If nothing cheers you up better than a cup of piping hot tea, this blog is going to transform you from a tea enthusiast into a tea connoisseur who knows their cuppa inside out like a pro. Get ready to discover more about the origin of tea in India, types of tea, best Indian tea varieties and tea blends!
Origin Of Tea
Coming from a tropical plant called Camellia Senensis – which is best grown in a warm climate with an abundance of rainfall, long sunny days and cooler nights – tea is said to have been discovered way back in 2750 BC by a Chinese emperor named Shen Nung. He was boiling water under the shade of a tea tree, when a lovely breeze caused a few leaves to fall into the pot, giving the water a flavour he found irresistible. Soon after, Emperor Shen Nung began encouraging people to cultivate it.
However, the origin of tea in India goes back in time to British colonial rule. A British army major came across native tea bushes in the Northeast region of Assam, one day – the British East India Company experimented with the growth of tea in both Darjeeling and Assam. It proved to be so successful that the British Government began developing several tea estates here that grew various types of tea.
Types of Tea
There is a vast array of tea types, and each boasts of a unique flavor and color. The six major types of tea are –
1. Black Tea
Also known as red tea in China, black tea is a very commonly consumed type of tea, and it is completely oxidized. The tea leaves are withered, rolled, fermented and then either dried or fried to give it a strong flavor. Popular black tea producing regions include Darjeeling, Assam, Sri Lanka, and Nilgiri.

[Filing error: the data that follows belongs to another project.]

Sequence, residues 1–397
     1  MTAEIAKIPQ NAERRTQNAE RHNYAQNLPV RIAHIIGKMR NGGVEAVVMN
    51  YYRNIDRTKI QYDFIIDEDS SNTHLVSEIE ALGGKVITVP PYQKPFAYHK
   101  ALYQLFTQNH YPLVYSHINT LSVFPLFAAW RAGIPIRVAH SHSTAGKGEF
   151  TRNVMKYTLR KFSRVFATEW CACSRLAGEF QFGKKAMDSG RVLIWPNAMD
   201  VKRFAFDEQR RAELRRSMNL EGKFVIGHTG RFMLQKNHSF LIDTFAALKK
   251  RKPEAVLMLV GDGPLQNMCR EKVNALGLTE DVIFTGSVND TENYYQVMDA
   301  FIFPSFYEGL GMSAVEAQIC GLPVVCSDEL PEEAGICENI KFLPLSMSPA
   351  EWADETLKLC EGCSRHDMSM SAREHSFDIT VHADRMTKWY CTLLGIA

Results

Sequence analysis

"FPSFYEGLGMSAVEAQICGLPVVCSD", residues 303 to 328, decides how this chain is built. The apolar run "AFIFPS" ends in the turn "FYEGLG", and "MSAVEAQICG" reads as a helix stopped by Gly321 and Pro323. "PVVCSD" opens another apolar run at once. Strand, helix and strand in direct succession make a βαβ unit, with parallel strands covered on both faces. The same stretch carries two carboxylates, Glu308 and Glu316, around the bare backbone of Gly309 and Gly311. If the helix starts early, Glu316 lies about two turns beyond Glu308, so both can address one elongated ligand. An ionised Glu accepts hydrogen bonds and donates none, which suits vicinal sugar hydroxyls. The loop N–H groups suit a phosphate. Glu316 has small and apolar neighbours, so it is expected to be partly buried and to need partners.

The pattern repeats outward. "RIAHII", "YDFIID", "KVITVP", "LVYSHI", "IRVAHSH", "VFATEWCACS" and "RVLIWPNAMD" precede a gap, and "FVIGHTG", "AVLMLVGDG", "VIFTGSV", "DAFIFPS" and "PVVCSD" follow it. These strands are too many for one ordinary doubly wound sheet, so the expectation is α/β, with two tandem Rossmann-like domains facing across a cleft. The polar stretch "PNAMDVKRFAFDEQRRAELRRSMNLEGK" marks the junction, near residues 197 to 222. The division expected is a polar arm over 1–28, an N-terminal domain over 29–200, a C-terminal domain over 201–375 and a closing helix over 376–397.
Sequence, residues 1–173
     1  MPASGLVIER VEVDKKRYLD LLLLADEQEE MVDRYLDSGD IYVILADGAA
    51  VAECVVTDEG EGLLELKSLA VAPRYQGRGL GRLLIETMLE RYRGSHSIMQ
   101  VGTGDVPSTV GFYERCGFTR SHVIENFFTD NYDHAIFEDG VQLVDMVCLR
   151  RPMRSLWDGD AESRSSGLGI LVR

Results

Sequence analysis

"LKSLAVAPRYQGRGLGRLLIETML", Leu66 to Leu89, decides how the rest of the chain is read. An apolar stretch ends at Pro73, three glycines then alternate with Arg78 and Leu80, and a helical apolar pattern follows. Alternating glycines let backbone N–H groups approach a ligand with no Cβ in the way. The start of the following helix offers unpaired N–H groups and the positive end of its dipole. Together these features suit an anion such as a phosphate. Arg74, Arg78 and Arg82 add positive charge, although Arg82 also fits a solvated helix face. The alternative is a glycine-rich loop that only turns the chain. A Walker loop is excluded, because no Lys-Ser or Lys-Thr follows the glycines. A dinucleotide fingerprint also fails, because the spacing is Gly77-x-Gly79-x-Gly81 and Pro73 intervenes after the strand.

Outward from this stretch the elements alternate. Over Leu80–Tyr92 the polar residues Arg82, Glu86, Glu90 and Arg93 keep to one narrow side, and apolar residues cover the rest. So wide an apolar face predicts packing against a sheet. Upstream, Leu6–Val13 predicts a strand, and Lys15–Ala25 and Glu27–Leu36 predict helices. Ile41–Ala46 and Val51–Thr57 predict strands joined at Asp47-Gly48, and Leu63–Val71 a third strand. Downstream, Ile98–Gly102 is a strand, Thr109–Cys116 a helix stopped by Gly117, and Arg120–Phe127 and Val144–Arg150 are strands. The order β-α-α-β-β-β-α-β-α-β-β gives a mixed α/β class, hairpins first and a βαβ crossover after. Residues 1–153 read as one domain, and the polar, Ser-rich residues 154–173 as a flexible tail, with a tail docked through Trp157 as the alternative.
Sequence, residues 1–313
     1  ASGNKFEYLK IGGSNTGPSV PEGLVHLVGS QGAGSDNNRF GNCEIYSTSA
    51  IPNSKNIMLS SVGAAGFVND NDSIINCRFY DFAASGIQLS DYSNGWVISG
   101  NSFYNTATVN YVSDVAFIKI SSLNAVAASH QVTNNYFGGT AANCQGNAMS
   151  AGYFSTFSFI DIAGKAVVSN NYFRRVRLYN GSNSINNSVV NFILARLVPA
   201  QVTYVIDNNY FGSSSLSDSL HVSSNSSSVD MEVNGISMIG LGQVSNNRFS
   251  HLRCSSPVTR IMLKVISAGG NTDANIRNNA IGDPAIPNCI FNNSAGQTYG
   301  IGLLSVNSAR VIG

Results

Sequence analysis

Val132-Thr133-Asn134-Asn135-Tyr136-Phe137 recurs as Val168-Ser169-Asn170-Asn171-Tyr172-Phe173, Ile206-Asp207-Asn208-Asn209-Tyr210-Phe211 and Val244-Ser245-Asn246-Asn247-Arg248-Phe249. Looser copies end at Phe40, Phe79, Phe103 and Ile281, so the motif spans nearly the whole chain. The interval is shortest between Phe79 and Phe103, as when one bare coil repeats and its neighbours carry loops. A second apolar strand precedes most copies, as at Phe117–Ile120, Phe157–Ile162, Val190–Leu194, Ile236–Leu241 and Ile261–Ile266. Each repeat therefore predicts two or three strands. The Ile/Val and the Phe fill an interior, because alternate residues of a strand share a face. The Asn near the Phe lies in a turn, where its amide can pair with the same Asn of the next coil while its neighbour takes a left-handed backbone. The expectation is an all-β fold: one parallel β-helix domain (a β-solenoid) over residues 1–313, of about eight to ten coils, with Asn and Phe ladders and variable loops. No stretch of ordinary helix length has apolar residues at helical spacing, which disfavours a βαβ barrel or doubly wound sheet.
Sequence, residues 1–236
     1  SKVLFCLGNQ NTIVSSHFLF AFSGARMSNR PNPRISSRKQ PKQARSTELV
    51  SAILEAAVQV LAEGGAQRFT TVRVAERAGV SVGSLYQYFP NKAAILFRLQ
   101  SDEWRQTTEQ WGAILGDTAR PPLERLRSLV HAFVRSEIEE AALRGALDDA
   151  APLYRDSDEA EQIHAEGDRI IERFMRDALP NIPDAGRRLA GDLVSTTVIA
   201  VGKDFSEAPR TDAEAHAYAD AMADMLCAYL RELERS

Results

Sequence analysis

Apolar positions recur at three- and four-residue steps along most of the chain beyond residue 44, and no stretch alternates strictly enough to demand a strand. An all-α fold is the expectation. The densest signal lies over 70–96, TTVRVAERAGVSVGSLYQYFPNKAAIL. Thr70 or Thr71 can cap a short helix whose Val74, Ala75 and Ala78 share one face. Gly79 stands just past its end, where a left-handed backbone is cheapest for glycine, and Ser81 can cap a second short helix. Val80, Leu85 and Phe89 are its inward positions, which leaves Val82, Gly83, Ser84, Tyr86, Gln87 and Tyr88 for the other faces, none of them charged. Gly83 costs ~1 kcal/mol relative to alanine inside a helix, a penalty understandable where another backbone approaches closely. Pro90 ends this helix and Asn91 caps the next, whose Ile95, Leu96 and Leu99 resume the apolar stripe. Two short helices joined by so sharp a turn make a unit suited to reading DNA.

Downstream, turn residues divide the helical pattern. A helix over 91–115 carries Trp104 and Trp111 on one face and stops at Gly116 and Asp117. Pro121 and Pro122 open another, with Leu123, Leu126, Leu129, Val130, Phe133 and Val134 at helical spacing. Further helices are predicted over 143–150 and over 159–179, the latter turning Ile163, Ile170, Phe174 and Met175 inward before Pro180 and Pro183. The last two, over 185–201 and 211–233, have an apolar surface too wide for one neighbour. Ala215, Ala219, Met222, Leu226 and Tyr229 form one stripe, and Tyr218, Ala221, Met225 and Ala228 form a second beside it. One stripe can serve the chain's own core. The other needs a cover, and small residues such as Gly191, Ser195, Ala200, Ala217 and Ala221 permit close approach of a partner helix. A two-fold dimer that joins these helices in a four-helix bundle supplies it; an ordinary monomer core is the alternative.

2. Green Tea
Being unoxidized and containing far lesser caffeine than black tea, green tea is a healthy option. It is made when leaves are picked, dried and then heat-treated. In China, the leaves are pan-fried to get a dull color, where as it is steamed in Japan for a brighter shade of green.
3. Herbal Tea
Like the other tea varieties, herbal tea does not come from tea leaves. Fruits, flowers and dried herbs are used to make this treat, which is why a huge range of flavors can be created from it. Chamomile, lemongrass, ginger, and hibiscus are commonly used ingredients.
4. Matcha Tea
Made by grinding green tea leaves to form a powder, it is then mixed with some water. Matcha tea is popular in Japanese tea ceremonies and is very healthy to drink.
5. Oolong Tea
Also known as Wulong, this type of tea is picked quite late in the season. Shaken in baskets, it is semi-oxidized, which gives oolong tea a naturally sweet, smoky or fruity flavor.
6. White Tea
Made from the silver tips of tea leaves, white tea is the least processed of all types of tea. Left to wither and dry on its own, these leaves have a naturally sweet and delicate flavor, with hardly any caffeine.
Tea Growing Areas In India
The biggest and most prominent tea growing area in India is Assam – it boasts of its own variety of Camellia sinensis var. assamica (a native tea plant), with tea gardens set up in an area as large as 3220 sq. km. In fact, Assam contributes to more than half of India’s tea production!
Darjeeling tea estates have an altitude of 600 to 2000 meters and mostly produces black tea, whereas the Dooars and Terai have an area of 1000 sq.km. to grow tea – they produce around 1/4th of the nation’s total tea output.
Annamalais, which is located between the states of Kerala and Tamil Nadu, is another tea-growing area. It covers an area of around 126 sq.km. With land elevation between 900 to 1600 meters, the tea produced here has a unique biscuit-like aroma.